• In reply to jack:

    "Address to a Haggis" is an ode to the delicious "chieftain of the pudding (i.e. sausage) race," with some fun at the expense of those of us who eat it, versus those who eat French ragout (stew) or fricassee.

  • In reply to Margaret H. Laing:

    In short, both.

  • In reply to jack:

    Don't knock it until (and unless) you've tried it.

  • In reply to Margaret H. Laing:

    I suppose I could recommend anythig fermented in Joong Boo Market but not a poet to accompany it.

  • In reply to jack:

    Don't worry, Jack, you've stumped me now.

  • If there is an American Civil War version of In Flanders Fields it would be the more grizzly The Wound-Dresser by Walt Whitman, drawn from his experience as a volunteer in military hospitals during the war.

    On, on I go, (open doors of time! open hospital doors!)
    The crush’d head I dress, (poor crazed hand tear not the bandage
    The neck of the cavalry-man with the bullet through and through I
    Hard the breathing rattles, quite glazed already the eye, yet life
    struggles hard,
    (Come sweet death! be persuaded O beautiful death!
    In mercy come quickly.)

  • In reply to jnorto:

    Whew! Mercy indeed. Thank you for sharing it.

  • Ode to Blinding Beauty
    Her looks transcend the barrier called fair / His heart and will to resist her she binds / Thinking naught but of her smile he pines / For the release of her bouncy brown hair / Her leaving his small realm he could not bear / Like the silky long curls her finger winds
    He's limp, all for that beauty that blinds / From all else yet at her helpless he'd stare. // While seeing the shallows though not the signs / Showing more than a pretty visual layer / Whether the twain may too meet with their minds / Hearts will share their most secrets should they dare / Feelings far further than vague dating lines / To know eternity their souls shall share.

  • In reply to franksterlejr:

    Thank you for your contribution, franksterlejr. Who wrote it, please?

  • In reply to Margaret H. Laing:

    Frank Sterle Jr.

  • In reply to franksterlejr:

    Thank you -- and now that I see the difference in spacing, congratulations.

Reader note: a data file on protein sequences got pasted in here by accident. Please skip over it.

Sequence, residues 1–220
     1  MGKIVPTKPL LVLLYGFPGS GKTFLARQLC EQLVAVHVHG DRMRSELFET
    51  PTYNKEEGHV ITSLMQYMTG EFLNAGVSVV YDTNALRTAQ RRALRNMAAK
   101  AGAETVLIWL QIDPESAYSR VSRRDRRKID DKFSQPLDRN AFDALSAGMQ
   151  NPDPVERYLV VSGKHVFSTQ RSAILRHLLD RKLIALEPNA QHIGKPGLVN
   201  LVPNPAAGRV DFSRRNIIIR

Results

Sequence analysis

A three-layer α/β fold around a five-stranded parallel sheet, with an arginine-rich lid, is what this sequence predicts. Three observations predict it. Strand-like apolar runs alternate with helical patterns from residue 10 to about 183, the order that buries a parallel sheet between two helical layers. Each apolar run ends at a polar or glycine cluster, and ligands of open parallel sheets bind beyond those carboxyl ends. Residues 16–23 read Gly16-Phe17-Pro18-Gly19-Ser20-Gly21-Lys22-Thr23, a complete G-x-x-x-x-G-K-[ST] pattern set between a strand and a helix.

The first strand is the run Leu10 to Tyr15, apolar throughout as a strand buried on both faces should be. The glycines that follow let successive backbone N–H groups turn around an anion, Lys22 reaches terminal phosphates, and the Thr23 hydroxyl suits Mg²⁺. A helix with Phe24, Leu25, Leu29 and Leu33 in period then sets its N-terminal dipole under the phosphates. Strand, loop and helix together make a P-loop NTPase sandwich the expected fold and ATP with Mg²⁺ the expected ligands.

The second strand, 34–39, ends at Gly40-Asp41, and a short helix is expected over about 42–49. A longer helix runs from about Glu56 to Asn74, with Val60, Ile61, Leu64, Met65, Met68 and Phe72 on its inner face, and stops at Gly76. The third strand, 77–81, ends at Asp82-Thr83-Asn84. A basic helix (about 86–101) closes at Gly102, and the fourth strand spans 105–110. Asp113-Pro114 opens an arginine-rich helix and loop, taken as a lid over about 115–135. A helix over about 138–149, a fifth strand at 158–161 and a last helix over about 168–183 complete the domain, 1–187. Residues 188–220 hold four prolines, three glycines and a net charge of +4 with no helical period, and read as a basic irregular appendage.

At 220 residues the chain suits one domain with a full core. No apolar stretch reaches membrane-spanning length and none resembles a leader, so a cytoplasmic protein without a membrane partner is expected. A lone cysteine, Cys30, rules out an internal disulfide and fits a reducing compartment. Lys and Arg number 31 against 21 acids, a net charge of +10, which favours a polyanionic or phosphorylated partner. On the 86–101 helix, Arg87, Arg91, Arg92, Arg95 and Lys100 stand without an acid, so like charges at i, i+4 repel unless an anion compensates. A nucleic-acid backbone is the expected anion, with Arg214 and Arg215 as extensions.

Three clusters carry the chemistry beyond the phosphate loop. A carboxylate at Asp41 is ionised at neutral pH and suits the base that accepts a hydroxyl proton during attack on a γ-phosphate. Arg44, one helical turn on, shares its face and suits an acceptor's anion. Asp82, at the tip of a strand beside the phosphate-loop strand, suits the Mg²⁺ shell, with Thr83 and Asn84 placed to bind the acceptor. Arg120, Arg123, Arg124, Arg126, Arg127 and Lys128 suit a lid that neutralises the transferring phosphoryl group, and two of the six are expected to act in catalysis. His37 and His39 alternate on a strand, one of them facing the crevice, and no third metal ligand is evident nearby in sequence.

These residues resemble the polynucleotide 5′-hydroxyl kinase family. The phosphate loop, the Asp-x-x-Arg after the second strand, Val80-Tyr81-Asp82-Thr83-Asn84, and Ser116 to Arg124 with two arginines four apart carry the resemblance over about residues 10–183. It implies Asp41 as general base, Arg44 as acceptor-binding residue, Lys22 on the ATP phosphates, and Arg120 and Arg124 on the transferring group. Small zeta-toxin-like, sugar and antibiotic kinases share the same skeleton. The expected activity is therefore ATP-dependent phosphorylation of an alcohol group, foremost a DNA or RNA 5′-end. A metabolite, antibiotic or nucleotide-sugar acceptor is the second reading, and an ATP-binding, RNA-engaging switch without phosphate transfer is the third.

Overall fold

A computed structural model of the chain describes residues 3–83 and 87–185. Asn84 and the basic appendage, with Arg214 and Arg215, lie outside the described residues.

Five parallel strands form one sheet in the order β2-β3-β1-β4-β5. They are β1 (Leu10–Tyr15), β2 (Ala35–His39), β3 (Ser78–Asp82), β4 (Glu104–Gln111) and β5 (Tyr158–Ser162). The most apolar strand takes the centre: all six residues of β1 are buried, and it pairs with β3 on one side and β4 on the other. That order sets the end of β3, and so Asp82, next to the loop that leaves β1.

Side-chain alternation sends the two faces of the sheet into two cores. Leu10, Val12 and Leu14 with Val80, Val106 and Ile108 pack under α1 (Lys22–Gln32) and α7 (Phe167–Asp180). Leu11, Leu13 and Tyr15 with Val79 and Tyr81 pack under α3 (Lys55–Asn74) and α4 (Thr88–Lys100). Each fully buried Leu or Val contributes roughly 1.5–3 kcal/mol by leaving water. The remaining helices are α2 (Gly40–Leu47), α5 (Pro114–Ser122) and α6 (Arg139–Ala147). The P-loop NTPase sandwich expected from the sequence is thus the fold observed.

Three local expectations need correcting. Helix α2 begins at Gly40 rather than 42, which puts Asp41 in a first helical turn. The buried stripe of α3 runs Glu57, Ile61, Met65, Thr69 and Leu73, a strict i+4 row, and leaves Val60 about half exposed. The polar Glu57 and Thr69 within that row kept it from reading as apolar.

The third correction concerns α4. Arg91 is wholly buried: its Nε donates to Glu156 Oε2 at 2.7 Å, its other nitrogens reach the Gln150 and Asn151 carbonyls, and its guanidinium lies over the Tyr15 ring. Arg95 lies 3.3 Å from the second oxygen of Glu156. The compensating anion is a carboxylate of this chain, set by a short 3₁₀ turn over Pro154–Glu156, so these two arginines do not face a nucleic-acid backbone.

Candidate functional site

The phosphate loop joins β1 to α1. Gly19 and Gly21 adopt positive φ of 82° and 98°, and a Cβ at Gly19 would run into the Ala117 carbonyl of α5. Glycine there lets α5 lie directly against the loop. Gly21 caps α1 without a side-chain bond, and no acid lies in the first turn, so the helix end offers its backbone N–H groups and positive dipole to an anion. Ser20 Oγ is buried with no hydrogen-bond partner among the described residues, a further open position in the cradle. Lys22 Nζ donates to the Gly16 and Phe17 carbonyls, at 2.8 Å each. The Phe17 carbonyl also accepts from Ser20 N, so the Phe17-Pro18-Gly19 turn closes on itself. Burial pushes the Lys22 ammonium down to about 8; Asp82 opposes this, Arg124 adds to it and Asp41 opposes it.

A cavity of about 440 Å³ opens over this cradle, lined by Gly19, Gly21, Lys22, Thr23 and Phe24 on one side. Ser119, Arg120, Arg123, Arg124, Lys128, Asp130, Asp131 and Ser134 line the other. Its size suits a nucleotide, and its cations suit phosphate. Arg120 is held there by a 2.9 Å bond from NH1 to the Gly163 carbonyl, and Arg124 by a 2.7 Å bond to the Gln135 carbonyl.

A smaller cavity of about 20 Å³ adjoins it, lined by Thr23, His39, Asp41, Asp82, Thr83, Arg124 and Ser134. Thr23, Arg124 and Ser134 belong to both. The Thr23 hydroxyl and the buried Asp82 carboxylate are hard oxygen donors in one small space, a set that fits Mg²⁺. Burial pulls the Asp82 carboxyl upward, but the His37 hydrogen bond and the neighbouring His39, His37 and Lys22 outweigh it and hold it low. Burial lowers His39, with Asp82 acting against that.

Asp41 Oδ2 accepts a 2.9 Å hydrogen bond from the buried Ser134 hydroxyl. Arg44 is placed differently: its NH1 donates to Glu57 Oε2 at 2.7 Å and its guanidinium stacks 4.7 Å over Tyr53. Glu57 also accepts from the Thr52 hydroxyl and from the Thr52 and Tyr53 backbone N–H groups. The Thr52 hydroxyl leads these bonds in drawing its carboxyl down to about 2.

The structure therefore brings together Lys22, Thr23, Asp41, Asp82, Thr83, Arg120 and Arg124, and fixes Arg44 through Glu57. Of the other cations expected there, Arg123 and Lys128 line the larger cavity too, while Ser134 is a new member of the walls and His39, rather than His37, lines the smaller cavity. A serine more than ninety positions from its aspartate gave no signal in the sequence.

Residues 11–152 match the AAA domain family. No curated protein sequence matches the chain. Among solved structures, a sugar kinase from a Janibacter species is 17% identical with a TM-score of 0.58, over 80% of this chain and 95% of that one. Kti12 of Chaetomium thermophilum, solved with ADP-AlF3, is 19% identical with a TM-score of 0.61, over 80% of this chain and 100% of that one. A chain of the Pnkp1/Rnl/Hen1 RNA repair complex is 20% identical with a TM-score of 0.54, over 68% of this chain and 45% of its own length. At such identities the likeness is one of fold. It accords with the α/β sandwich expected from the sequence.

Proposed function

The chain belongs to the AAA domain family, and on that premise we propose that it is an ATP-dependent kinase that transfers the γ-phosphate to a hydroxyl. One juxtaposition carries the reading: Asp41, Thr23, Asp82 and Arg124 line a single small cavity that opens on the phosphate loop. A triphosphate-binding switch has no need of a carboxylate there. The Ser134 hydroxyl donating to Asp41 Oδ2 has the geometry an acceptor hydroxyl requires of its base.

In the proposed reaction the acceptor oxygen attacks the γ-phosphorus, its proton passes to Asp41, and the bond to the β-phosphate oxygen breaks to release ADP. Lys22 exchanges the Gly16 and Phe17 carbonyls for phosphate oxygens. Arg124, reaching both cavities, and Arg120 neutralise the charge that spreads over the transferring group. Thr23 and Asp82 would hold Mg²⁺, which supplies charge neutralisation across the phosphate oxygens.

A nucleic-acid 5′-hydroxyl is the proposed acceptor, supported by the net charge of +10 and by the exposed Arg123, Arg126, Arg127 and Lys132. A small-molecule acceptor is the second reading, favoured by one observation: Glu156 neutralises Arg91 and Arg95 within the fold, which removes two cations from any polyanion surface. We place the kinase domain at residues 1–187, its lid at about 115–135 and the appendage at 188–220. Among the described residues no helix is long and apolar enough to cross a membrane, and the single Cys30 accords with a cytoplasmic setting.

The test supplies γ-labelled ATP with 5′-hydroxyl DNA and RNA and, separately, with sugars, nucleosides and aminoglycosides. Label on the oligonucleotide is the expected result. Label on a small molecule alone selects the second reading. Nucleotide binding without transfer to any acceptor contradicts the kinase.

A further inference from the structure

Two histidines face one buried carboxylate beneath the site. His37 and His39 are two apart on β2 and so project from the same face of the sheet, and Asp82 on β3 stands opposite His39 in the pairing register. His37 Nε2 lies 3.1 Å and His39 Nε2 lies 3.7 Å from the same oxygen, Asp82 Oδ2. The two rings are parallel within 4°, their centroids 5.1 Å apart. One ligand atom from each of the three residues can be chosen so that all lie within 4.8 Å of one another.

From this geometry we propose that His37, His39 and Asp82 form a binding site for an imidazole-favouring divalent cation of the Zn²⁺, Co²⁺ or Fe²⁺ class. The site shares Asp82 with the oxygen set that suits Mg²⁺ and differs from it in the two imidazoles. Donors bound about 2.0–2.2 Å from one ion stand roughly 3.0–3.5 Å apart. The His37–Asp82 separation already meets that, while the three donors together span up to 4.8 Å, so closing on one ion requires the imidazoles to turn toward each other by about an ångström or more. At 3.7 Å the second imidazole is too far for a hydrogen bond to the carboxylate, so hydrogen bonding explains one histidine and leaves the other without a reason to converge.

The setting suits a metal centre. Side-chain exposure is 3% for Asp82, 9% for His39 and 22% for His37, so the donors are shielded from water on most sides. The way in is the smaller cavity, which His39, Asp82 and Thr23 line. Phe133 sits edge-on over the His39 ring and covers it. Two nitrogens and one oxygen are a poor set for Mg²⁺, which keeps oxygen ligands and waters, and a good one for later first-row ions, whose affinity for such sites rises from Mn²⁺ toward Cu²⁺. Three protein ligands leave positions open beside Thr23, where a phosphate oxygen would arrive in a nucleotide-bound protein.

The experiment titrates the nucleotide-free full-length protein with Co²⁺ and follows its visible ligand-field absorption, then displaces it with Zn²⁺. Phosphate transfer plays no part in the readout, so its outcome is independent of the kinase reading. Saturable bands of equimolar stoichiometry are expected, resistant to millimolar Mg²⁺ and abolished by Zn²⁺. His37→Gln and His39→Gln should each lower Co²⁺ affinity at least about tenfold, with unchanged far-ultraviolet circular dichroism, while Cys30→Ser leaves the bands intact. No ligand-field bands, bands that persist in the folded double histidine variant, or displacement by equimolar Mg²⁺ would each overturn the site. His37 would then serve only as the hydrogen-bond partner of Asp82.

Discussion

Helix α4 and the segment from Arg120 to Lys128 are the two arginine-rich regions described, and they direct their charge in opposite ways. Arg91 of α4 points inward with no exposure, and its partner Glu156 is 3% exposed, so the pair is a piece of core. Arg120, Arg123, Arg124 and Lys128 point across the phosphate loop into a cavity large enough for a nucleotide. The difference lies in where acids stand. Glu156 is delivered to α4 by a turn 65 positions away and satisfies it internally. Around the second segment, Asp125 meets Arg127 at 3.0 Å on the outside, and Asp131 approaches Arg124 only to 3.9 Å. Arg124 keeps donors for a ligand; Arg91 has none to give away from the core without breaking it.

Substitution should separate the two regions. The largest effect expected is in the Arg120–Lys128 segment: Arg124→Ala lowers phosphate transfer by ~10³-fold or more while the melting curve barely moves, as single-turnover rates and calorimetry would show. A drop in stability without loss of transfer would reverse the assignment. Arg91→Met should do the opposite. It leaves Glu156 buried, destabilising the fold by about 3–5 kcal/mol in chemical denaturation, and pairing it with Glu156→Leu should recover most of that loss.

• Excellent post, thank you. Yes, we need poetry more than ever--and there are people reading and writing poems every day!

  • In reply to Weather Girl:

    You're welcome. I enjoyed Mary Schmich's list and figured that we could use another, so it was a good exercise to think of (and think over) ten of my own.

  • I congratulate you on your list. You've given me much to think about, too. So many poets! So many poems! So hard to choose.

  • In reply to Weather Girl:

    Thank you. It was harder and harder to choose as I got near my limit of ten. But I think this is one of the great things about a poetry month -- thinking about it. Thanks again to Mary Schmich, whose list in her column got me started.

  • Funny you included Ogden Nash's "Celery". Last night I caught some of "It's Always Fair Weather" on TCM. Three army buddies---Gene Kelly, Dan Daily, and Michael Kidd---reunite ten years after WWII. In the scene I reference, they're sitting in a restaurant with a live performance of "The Blue Danube" in the background. Each of them starts working his jaw with a stalk of celery. While this is going on, each expresses inwardly his disappointment in the others---on the screen, separated from the other two at the table.. Their words are sung to the tune of "The Blue Danube". .

  • In reply to Aquinas wired:

    Hmm, expressing disappointment inwardly but still using words. I need to see that. I've heard of cherry pit-spitting to "The Blue Danube," but not celery chewing... another reason to check it out. Thank you.

  • In reply to Margaret H. Laing:

    Found it -- I like YouTube more and more. Here's the celery-eating scene you described:

  • In reply to Aquinas wired:

    Much healthier than ceegars, on many levels.

  • Save the Earwig!
    We protest whilst demanding that all life / all living creatures have the right to live / but we humans in ways still primitive / readily cause so much life so much strife / until our misdeeds cut like a knife / our deserving conscience since we give / naught towards the creatures’ cause, dismissive / are we of our apathy so rife. // But the creatures about which we don’t preach / the bugs that can’t bring us to them adore / their ugliness our hearts they can’t reach / their lives we don’t at all care to restore / instead we stomp on them, their ‘rights’ we breach / the creepy crawler lifeforms we’ll ignore. (Frank Sterle Jr.)

  • In reply to franksterlejr:

    Cleverly written, Frank, but I am glad you put "rights" in quotation marks. I can admire bugs from a safe distance.
    P.S. Have you considered pitching a poetry blog to Chicago Now?